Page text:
The Other Side by Lacy M. Johnson (reviewed by Amanda Kelley)

The Other SideThe Other Side

by Lacy M. Johnson

232 Pages

Tin House Books, 2014

ISBN: 978-1935639831


The Other Side has a lot to offer readers because it is so many things at once: true crime, lyric nonfiction, mystery, investigative piece, and personal narrative. It was a National Book Critics Circle Award finalist, an Edgar Award finalist, and one of the Kirkus best books of 2014. It is also a simply stunning book.

At the heart of Lacy M. Johnson’s intense and poetic memoir is the gripping account of the author’s kidnapping, rape, and imprisonment by a former lover. Following her dramatic escape is the struggle to recover. In a voice that is both straightforward and artful, Johnson weaves her personal narrative together with police and FBI reports, psychological records, and neurological research to create a breathtaking story of survival. “Each report simply records my story,” she writes, “and yet it is not my story, though it is the same version of the story I would tell. Almost word for word. Like something I memorized long ago and can still perform by heart.”

The Other Side is composed of thirteen chapters, each made up of short vignettes that range from a few paragraphs to a page and a half. End notes supplement the text with research that shows just how much work went into this complex and contemplative book.

It opens at the police station after the author’s escape from the soundproofed room where she’d been held by her ex after he kidnapped her, raped her, and threatened to kill her with the rifle he left standing outside the door. This traumatic event is at the center of the narrative—it’s the reason the book exists—but through Johnson’s careful crafting, the memoir feels like so much more. Never emotional or self-pitying, events are relayed from police case files, compared to the author’s memory, and stand alongside the theory of Schrödinger’s Cat: “At any moment, he may or may not kill me. I remember how the two possibilities can coexist: I’m both alive and dead in any room but this.”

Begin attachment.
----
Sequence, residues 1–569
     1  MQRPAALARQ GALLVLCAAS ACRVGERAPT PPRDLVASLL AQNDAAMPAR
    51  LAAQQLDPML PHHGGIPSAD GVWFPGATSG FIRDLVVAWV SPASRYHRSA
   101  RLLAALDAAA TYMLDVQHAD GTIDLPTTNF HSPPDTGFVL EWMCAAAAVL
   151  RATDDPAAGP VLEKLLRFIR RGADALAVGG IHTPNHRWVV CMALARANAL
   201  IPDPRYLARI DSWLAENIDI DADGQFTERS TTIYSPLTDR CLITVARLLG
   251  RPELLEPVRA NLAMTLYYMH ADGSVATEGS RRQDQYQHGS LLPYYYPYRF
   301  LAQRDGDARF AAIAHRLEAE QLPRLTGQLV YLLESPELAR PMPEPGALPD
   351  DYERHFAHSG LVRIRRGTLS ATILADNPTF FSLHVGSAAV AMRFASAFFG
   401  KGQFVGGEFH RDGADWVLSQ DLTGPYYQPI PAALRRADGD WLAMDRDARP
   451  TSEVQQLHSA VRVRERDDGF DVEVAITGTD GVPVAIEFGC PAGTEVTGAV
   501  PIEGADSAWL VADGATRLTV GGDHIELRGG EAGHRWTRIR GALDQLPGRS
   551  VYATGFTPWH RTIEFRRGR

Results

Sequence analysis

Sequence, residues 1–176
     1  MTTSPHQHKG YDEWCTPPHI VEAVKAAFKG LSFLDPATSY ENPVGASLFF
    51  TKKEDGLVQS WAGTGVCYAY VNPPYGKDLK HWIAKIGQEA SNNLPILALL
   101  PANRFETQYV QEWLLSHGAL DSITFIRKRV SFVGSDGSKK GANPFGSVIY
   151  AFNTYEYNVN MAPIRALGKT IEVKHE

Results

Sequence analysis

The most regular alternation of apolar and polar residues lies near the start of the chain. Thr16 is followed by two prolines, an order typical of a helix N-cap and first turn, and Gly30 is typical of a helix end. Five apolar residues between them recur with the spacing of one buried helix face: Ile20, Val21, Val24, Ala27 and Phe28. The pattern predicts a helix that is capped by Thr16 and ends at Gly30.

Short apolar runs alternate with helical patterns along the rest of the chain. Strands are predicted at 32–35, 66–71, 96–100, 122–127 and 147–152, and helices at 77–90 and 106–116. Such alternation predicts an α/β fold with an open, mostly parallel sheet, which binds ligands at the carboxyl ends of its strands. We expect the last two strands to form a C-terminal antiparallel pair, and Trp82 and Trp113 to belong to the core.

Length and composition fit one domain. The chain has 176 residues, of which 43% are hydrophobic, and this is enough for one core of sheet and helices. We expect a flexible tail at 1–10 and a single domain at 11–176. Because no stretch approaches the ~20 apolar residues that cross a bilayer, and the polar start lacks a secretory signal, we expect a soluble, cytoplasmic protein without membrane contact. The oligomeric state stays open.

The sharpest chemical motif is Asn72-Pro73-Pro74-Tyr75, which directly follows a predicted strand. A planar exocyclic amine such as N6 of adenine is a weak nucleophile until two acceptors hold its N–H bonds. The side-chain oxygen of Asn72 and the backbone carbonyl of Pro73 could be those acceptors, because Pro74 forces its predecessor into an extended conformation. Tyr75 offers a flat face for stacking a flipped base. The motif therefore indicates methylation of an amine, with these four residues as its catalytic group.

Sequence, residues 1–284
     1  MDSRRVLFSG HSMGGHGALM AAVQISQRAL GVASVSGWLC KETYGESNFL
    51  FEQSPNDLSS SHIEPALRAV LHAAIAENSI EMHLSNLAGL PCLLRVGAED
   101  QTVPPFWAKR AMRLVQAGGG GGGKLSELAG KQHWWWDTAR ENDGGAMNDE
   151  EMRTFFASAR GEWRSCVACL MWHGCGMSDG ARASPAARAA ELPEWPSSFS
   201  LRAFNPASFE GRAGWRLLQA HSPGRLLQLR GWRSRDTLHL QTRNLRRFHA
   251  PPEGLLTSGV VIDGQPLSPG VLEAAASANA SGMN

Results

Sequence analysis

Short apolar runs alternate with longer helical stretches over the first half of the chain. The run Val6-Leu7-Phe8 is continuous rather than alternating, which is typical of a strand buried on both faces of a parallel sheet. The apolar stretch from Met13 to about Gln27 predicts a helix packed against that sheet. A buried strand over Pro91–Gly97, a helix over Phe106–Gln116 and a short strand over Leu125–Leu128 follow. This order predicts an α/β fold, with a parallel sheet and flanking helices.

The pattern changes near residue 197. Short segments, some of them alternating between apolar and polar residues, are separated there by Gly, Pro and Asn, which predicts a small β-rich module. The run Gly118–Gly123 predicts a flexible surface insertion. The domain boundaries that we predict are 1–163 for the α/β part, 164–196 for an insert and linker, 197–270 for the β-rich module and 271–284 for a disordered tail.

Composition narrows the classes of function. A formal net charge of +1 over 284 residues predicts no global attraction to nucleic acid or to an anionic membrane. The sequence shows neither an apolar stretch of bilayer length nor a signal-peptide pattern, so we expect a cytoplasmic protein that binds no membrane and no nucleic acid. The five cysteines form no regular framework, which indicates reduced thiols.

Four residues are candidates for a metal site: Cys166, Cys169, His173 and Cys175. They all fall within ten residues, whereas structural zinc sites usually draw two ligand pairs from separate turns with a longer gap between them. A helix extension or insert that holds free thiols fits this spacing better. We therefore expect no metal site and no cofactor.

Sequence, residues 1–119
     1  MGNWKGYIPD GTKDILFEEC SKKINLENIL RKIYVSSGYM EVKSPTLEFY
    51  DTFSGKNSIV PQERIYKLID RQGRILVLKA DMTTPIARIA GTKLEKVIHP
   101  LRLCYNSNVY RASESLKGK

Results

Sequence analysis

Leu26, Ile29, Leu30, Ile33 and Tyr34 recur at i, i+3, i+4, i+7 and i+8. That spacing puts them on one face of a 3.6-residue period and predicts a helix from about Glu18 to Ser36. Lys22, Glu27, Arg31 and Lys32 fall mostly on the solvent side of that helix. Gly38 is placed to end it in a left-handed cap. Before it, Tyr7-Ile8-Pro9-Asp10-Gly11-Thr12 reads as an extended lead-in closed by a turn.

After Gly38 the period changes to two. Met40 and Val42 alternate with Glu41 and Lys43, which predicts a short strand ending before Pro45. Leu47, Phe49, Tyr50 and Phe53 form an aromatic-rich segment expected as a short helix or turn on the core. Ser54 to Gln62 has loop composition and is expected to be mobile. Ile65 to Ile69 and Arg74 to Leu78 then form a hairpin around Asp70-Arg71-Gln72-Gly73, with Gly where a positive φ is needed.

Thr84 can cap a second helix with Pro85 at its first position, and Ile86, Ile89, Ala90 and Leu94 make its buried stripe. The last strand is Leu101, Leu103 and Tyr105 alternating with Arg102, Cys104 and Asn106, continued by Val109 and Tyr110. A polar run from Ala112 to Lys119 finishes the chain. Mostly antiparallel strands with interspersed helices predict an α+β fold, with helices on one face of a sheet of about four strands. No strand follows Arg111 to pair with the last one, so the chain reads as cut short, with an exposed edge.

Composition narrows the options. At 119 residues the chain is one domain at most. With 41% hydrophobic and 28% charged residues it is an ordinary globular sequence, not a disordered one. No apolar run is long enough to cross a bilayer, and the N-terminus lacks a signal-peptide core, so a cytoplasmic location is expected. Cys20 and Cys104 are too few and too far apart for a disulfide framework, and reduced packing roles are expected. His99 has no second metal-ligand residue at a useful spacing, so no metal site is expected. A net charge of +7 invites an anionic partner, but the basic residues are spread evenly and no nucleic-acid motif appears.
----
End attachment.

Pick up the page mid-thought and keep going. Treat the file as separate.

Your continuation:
From there, a flashback to when she first met “The Man I Live With” (no names are used in the book, only identifiers such as these) along with some background about her family and her life. It only takes seventeen pages to recount meeting The Man, starting a relationship with him, and his becoming abusive, but by the time she knows something’s wrong, she has no one left to turn to.

What unfolds in this book feels like the author discovering how to live again after experiencing trauma that never quite releases its hold, yet in the retelling it’s never not thoughtful and captivating. It is, throughout, a beautiful work of art.

I know how to tighten the cold hard fist of my heart.

I don’t remember how to open it.

The small space of my car closes around me. The air grows hot and stale, and I can’t breathe in it. My back sweats; my heart races. And just as I’m about to let the panic wash over me, I start screaming. It’s not a scream that comes from my throat, or from my lungs, but a scream that comes from the shut place I carry inside me, a scream that could swell and swell without end. It’s made of equal parts terror and rage, multiplied and multiplied by the silence of all these years.

Although The Other Side deals with suffering, it doesn’t feel voyeuristic, and in Johnson’s able hands, her story also stands as a tale that our culture that badly needs to hear. Readers who have never experienced trauma anywhere near this level will still likely find this artistic and affecting book truly unforgettable.


Amanda Kelley

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